To the professional educators in her PhD program in the School of Education at New York University, Bartlett’s learning disability was obvious, and they provided extra time for her comprehensive exams. When she decided to go to law school she realized the sheer volume of reading and writing would force her to request formal accommodations, and she underwent an expensive battery of tests to confirm her disability. As a result, Bartlett received extra time for law school exams from Vermont Law School, and had similar accommodations for the multi-state professional ethics exam required for all U.S. attorneys.
Bartlett next wanted to take the New York bar exam. She applied to the bar the same year the Americans with Disabilities Act (ADA) passed, which required reasonable accommodations on licensing exams for applicants with disabilities, including learning disabilities. But to receive extra time for the exam, first she had to prove to the New York Board of Law Examiners that she did indeed have a learning disability. According to Bartlett, the Board administrator told her rather pointedly, “Someone with a PhD and a JD can’t possibly be LD.” (At trial later he admitted to believing that one could buy a diagnosis, that real learning disabilities were very rare, and that most people claiming to have learning disabilities did not really have them. He also did not deny he had previously stated it was his “job to protect the public from incompetent and incapable lawyers” and that the public would be “unaware that they would be purchasing a defective product in the case of learning disabilities.”)
In pressing her application, Bartlett encountered one of the most blatant examples of the lack of common understanding about learning disabilities and related disorders, such as attention deficit disorder (ADD), when the ADA legislation was drafted. Although these are life-long disorders with an unchanging biological basis, the ADA specifies that tests submitted as documentation must have been done within the previous three years. Bartlett comments, “It’s a nonsensical requirement, because the disability doesn’t change. If you’re blind, you’re blind. You’re not suddenly going to be sighted again.” Bartlett was denied accommodations because her tests were from the beginning of law school, a couple of months older than three years. She took the bar exam without accommodations and did not pass.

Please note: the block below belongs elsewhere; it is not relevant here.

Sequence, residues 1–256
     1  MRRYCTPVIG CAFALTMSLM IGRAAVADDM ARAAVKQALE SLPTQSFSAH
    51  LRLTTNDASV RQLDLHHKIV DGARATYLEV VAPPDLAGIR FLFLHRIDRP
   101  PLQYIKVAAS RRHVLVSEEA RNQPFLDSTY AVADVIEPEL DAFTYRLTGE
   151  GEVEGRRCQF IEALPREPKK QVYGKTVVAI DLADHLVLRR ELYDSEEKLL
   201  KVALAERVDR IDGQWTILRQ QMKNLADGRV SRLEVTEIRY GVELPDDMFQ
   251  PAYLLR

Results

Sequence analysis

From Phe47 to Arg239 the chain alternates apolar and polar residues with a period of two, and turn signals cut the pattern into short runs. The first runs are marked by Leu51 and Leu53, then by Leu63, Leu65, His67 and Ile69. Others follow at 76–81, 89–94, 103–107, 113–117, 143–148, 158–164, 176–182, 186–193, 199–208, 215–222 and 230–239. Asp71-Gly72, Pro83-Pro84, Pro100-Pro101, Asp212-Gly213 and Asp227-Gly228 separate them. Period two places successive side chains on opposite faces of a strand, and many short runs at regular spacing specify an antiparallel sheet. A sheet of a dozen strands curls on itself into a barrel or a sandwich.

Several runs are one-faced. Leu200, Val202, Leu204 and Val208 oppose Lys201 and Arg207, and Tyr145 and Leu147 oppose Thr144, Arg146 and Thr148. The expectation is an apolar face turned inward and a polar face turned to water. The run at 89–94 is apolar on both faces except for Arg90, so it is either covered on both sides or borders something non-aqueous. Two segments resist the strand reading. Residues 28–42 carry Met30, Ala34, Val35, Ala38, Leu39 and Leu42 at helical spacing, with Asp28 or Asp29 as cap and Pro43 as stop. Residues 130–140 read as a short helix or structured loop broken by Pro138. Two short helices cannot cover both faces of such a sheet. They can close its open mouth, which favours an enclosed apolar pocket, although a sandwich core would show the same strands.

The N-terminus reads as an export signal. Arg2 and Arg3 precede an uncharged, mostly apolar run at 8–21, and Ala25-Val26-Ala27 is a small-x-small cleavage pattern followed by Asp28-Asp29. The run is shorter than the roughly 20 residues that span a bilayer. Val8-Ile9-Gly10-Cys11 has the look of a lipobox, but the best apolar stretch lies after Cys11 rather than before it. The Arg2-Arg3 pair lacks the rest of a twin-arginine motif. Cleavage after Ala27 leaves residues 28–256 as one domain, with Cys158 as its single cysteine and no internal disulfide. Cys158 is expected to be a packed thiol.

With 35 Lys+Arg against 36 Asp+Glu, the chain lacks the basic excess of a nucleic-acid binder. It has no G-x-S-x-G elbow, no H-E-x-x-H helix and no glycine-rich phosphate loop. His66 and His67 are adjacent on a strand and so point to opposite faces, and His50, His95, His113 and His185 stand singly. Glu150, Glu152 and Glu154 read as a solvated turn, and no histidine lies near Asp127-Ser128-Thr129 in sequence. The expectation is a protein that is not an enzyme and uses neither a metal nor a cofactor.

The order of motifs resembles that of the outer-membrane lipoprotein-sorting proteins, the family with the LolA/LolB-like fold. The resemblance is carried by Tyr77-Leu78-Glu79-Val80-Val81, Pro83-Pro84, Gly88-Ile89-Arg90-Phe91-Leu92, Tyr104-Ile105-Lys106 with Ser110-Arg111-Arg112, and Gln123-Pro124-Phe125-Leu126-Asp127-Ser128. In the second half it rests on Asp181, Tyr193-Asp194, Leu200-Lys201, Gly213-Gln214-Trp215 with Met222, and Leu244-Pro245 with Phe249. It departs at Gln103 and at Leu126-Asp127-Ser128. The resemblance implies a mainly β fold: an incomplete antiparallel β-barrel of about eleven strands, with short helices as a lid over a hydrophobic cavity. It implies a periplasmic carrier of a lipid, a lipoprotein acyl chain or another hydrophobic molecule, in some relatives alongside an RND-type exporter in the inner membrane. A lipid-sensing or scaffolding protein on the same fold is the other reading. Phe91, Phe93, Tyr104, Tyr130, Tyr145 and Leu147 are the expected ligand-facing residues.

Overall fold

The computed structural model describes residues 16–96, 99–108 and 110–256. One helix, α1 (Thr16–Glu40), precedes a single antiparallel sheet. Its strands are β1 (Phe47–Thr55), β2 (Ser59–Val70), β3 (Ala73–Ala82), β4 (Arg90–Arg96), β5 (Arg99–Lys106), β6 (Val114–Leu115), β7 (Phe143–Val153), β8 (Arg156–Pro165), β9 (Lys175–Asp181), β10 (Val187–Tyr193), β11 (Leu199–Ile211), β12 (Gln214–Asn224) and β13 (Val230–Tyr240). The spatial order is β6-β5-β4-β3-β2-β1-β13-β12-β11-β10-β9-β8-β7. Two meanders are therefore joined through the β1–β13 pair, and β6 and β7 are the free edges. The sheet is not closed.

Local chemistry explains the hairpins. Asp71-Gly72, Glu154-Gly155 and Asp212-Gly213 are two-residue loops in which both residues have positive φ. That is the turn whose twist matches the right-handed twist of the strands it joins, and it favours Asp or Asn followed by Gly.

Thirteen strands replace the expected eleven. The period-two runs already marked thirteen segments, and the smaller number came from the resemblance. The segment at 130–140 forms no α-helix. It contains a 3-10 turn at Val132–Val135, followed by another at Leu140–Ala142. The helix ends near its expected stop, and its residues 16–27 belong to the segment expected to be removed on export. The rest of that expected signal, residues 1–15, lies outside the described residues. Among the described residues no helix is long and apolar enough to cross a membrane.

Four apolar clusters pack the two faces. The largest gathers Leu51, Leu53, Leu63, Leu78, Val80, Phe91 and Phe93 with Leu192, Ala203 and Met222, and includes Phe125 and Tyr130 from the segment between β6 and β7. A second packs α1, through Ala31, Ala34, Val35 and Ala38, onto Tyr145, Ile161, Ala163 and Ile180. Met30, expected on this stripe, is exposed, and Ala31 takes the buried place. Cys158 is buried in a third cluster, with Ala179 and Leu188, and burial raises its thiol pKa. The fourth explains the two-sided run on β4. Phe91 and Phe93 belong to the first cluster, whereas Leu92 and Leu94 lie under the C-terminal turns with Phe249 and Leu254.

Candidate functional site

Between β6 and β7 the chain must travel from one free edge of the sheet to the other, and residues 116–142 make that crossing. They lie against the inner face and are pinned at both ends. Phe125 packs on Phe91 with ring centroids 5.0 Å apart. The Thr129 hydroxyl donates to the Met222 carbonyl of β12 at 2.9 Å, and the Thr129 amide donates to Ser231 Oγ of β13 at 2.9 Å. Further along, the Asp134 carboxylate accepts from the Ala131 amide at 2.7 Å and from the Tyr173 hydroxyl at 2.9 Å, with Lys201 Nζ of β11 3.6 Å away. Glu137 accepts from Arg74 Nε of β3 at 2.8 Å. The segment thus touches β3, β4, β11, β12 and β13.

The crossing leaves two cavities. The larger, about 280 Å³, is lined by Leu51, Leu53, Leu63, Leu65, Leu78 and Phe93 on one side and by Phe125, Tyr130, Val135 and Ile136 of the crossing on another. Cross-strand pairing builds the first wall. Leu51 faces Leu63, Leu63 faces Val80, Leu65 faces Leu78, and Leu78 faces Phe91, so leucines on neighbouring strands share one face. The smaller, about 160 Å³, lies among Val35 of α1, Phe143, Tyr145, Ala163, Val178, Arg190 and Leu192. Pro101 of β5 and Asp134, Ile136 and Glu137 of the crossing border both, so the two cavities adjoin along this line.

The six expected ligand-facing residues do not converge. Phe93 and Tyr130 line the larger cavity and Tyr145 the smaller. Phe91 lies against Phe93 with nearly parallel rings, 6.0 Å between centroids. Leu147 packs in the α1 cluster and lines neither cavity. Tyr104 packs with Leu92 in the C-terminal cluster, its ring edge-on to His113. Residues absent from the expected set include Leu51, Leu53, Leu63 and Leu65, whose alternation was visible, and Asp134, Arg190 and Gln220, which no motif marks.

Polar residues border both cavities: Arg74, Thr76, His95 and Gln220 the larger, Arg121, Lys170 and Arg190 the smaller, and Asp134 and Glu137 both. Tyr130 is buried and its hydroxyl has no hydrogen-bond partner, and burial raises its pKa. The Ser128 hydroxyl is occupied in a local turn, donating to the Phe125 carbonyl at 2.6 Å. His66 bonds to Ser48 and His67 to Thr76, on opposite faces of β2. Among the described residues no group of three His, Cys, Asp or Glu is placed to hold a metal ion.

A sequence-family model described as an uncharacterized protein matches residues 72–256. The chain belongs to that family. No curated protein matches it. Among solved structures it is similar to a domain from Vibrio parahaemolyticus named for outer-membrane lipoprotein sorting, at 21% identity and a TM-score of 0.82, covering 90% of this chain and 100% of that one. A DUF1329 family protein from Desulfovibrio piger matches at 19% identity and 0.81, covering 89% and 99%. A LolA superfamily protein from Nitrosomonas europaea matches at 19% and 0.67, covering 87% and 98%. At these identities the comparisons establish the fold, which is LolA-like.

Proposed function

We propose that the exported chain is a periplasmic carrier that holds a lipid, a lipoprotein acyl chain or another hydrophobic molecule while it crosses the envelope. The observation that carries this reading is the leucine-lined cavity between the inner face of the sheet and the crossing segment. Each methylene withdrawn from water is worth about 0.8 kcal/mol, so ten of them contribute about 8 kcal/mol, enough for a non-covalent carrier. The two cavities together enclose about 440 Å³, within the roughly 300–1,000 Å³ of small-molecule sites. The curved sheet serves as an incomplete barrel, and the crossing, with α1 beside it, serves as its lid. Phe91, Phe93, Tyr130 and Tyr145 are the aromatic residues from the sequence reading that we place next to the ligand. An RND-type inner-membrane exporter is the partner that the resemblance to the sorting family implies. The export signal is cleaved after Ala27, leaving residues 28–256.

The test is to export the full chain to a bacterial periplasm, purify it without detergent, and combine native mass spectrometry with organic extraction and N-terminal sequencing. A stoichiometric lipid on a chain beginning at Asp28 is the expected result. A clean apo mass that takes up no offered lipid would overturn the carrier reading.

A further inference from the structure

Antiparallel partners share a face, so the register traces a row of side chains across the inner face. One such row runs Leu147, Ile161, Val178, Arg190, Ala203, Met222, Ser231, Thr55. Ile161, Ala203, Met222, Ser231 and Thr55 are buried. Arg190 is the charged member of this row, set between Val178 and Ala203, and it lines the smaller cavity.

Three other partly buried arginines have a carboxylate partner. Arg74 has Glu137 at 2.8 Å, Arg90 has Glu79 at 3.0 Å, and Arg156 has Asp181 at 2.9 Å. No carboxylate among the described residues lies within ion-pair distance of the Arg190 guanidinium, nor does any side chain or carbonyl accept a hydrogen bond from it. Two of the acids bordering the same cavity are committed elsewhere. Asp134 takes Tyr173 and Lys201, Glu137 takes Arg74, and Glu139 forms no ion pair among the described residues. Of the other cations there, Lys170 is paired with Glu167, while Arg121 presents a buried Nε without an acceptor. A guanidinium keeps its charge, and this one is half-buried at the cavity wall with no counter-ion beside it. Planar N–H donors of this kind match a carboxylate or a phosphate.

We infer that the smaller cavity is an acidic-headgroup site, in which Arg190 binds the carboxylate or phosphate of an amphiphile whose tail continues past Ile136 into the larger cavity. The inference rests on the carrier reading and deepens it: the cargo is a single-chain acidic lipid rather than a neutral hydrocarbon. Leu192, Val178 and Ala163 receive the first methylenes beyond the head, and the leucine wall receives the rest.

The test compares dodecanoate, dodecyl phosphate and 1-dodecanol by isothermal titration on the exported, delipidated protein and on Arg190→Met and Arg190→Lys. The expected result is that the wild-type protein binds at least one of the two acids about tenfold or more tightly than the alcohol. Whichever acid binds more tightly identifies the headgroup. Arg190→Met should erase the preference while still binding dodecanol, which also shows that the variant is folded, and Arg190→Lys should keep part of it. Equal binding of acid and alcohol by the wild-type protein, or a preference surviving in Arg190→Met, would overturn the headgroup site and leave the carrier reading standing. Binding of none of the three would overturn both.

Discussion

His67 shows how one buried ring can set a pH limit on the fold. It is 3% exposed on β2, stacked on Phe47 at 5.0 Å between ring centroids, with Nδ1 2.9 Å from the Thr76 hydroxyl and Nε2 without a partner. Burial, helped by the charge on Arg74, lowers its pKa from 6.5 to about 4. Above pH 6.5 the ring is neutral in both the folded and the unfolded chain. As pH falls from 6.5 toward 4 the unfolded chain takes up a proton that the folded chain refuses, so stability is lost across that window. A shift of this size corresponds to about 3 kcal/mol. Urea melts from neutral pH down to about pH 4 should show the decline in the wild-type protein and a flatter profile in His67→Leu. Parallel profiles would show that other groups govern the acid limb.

Afterward, Bartlett repeated the neuropsychological testing that again verified her learning disability. However, the Board again rejected her application for accommodations, saying that she was still functioning at too high a level, above the cut-off performance score they had established for acknowledging an applicant as learning-disabled. Although the accommodation she was requesting was extra time, the only tests considered relevant by the Board’s consultant were untimed tests, which did not address Bartlett’s need for this specific accommodation.
At that point she was introduced to Jo Anne Simon, an attorney with affinity for disability law. Although precedents were few, Simon agreed to take the case. They prepared a lawsuit and filed an injunction so that Bartlett could take the fast-approaching next exam with accommodations while the court sorted out afterward whether she deserved them. “Jo Anne told me, ‘As long as you understand that you could get accommodations and pass the exam, but then lose your appeal. Then they would take your positive exam results away and you’d have to take the exam again.’ It was worth the risk. I knew I was deserving of extra time, so I didn’t see how I could lose.”